I know a kid who hated school. He hated waking up early. He hated the endless criticism. He hated reading boring books. He hated writing boring essays.
He he’d lay on the bathroom floor before school. He’d fake sick, argue with mom about why he had to go that day. He tried it all.
He didn’t really have anything important to do. He wanted to stay home to play video games and watch tv.
This went on for years. Many years. Getting up early. Going to school. Another year. Another boring book. Another boring essay with boring topics and unimportant formats.
A Spark of Interest
A high school teacher told him one day that he was a good writer. The teacher told him that he also questioned the education system. The boy could tell, this guy “got it.” He was willing to work for this teacher.
At some point during that year the boy actually started to believe that he did have potential. Despite years of his ideas and work being criticized maybe he did have potential. learning was fun. The subject matter that year wasn’t always fun but the act of learning was.
What if Learning Didn’t Mean Just Learning School Stuff?
The freedom to write without criticism that year was a breakthrough. The freedom to choose his book that year was also a breakthrough.
He discovered an untapped world of interesting things to read. Video game guides. Books about professional athletes. Books about getting stronger. Books about getting faster. This was amazing. Why hadn’t anyone told him these things had existed before?
It was almost too late to get him hooked as a reader by the time he found out.
He kept going once he got started. One book led to another. And another. He was hooked.
It only took one teacher to get through to that kid. One comment in a sea of negative feedback reversed the tide.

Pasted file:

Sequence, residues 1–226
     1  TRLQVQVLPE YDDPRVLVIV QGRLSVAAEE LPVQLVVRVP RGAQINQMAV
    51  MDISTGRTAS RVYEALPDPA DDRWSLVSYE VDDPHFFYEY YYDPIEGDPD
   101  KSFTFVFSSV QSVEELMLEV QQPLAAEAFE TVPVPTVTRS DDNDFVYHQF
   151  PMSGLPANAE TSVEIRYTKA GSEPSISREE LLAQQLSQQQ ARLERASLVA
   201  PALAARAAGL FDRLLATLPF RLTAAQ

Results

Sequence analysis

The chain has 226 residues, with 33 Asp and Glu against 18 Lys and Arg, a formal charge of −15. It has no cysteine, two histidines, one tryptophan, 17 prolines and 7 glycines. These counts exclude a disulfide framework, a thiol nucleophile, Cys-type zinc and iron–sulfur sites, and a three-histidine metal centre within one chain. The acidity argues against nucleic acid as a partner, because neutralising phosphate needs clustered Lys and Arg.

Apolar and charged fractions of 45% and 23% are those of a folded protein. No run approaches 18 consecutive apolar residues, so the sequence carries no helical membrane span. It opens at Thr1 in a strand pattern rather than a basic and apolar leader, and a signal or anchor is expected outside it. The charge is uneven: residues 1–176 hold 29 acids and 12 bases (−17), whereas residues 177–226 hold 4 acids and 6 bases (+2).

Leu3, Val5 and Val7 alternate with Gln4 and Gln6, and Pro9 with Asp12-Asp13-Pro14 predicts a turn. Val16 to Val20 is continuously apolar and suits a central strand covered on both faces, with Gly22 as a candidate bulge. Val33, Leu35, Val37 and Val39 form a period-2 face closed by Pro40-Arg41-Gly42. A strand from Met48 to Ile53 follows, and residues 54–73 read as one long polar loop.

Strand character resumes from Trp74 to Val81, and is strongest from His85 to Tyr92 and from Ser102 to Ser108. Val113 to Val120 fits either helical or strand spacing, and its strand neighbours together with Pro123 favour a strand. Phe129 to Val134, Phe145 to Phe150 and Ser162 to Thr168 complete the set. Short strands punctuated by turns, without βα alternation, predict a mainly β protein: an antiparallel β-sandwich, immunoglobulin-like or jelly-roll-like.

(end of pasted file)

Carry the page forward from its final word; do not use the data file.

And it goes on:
What ever happened to that kid?
That kid later went on to get a journalism degree. He went on for a teaching degree and is now completing a Master’s degree.
That kid was me.
I see kids who hate the way school is currently designed every day. I understand them. They are not wrong.
What can you do to connect with these kids?
Your actions and words as a teacher matter. You have the power to change the course of someone’s life. You can use that power for good.
Ask those kids about their interests. They don’t say much? Ask again.
Still not saying much? Ask them to put it in writing. (Have the entire class do this).
Take those topics that those students mention and talk to them about them. Yes, it really is that easy.
Give them time during the school day to read about their interests. To study their interests. To write about their interests.
Talk about times you had disagreements about the way schools are organized. We all know they aren’t perfect.
Find something specific that kid is doing well and compliment them on it. Cut them some slack on the criticism too. They hear enough of it.
Try to bridge a gap between your lessons and their interests. It will require some creativity but you are a teacher. You can do it.
Lastly, don’t give up. Keep planting seeds of conversation with these kids. Make it a point to find something they are doing right and let them know it.
That’s why you got into teaching isn’t it? To change lives?